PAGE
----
Beasley recently has generated significant support for the future of NRAO’s facilities, reaching major milestones in 2021. The observatory’s proposed next generation Very Large Array (ngVLA) received high priority for new ground-based observatories in the U.S. National Academy of Sciences’ Astronomy and Astrophysics Decadal Survey (Astro2020). Late last year, NRAO’s Central Development Laboratory (CDL) received approval and funding through the ambitious ALMA2030 Development Plan to upgrade its Band 6 receivers, which are ALMA’s most productive receivers. 

 

An ardent supporter of diversity, equity, and inclusion in astronomy and astrophysics, Beasley has elevated the efforts of NRAO’s Office of Diversity and Inclusion, Broader Impacts, and community development initiatives, including the National Astronomy Consortium (NAC), RADIAL, National and International Non-traditional Exchange (NINE), Research Experiences for Undergraduate students (REU), and most recently, grants for women in engineering fellowships and the development of a next generation Learning Center (ngLC).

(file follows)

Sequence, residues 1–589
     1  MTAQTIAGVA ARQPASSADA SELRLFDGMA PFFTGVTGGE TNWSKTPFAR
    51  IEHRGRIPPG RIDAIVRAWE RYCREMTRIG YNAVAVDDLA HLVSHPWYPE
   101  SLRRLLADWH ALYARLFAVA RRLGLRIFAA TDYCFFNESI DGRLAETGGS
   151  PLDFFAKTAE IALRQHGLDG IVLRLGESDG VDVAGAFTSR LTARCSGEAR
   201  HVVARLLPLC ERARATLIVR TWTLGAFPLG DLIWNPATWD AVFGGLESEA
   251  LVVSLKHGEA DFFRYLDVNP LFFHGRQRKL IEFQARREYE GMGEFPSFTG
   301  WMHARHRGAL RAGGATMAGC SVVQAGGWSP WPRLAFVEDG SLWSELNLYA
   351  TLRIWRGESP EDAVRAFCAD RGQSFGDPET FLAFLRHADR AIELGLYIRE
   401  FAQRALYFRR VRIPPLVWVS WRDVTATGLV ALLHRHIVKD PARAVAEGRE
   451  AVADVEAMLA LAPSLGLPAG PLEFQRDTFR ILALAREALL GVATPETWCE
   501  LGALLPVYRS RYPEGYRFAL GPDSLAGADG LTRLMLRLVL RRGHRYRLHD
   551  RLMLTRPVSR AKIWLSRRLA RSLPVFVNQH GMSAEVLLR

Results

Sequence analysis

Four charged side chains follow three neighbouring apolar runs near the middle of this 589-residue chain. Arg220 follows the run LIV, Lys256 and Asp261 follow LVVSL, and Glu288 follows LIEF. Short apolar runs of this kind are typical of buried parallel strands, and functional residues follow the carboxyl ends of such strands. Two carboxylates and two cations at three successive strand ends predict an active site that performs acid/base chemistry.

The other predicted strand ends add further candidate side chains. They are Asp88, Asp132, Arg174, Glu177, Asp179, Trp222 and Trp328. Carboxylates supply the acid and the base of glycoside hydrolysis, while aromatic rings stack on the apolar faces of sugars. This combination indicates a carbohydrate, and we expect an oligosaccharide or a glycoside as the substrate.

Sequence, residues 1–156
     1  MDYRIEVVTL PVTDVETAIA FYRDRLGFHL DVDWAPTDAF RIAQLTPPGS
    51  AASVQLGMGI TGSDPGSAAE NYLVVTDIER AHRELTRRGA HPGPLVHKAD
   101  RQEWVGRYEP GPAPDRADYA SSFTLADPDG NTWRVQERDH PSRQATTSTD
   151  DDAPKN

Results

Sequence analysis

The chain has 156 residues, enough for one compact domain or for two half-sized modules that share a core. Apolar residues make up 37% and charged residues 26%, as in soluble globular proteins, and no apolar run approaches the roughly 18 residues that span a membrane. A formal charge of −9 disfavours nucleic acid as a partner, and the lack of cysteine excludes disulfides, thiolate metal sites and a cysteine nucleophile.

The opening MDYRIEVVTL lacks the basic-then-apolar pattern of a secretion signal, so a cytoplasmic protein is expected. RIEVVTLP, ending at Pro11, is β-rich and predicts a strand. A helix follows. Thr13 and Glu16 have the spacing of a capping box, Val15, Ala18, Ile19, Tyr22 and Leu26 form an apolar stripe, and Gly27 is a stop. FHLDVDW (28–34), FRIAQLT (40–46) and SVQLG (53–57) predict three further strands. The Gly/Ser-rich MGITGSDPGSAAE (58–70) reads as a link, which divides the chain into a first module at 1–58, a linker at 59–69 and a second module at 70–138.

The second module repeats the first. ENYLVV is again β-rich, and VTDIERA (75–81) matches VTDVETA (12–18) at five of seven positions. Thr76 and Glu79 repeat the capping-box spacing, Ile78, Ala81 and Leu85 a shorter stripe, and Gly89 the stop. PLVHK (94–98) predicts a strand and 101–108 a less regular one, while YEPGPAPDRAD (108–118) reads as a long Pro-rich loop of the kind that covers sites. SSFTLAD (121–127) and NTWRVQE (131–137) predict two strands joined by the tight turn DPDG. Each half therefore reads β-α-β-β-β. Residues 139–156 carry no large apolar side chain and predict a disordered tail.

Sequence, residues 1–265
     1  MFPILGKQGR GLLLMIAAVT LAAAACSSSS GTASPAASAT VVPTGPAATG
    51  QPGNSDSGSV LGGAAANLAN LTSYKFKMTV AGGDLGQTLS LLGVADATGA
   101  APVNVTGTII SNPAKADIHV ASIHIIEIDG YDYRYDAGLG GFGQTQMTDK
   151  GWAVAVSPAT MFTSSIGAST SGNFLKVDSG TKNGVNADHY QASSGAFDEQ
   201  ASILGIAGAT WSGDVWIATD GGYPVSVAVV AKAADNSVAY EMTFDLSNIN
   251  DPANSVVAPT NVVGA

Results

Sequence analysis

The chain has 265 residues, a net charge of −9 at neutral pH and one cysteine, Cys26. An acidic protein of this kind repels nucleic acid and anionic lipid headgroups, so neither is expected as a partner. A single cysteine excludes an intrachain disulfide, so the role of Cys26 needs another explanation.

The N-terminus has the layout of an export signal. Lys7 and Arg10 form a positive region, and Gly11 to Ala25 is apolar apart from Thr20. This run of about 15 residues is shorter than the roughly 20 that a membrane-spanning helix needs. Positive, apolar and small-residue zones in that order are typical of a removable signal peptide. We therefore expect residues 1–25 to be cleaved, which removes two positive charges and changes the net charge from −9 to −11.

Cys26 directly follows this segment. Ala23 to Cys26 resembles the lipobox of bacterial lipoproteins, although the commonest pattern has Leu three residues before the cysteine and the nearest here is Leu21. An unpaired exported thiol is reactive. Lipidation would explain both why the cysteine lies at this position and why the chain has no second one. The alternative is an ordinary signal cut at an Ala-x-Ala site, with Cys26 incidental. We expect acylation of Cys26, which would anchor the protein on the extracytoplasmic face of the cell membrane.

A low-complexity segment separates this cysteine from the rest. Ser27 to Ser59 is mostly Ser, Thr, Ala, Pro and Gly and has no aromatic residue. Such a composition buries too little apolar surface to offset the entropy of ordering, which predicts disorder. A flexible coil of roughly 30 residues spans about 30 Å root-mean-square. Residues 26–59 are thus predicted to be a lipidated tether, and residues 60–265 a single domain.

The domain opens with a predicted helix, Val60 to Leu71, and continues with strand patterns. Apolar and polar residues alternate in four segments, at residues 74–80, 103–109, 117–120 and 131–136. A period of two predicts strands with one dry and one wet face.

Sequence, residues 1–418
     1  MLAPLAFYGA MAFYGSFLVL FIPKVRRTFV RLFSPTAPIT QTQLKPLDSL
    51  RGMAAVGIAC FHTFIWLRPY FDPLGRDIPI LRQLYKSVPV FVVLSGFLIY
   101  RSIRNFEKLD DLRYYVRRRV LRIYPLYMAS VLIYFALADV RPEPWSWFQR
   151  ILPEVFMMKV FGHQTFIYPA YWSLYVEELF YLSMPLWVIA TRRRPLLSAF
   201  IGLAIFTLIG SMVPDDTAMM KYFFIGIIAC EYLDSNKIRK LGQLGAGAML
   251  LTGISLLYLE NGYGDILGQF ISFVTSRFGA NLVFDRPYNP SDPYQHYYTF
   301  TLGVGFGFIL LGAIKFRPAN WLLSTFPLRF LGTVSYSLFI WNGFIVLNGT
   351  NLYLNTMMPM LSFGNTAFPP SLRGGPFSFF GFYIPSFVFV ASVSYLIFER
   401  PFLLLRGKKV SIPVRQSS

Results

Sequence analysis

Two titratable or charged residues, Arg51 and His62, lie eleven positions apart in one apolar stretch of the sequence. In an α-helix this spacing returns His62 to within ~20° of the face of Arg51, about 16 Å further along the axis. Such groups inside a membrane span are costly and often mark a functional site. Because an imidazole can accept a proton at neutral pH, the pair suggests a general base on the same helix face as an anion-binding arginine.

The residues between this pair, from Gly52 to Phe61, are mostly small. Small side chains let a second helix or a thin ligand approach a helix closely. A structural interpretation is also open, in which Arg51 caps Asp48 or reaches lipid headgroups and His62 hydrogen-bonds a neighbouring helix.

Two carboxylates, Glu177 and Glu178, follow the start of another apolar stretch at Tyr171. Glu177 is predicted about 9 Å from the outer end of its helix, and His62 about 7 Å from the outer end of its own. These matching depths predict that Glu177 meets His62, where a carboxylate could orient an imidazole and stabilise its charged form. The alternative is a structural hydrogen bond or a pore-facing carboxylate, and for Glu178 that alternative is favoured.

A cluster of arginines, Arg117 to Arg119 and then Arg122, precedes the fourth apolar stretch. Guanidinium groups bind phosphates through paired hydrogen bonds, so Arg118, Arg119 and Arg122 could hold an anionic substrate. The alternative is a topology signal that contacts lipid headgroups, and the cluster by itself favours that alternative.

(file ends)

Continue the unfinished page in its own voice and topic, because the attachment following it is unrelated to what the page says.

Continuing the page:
“Being a part of NRAO for more than 20 years has given me the opportunity to observe, contribute to, and lead growth and change in astronomy that positively impacts our facilities and allows us to collaborate with other like-minded institutions,” said Beasley. “I am proud of the work our teams have accomplished in research, engineering, outreach, and equity, and look forward to serving the NRAO community for another five years.”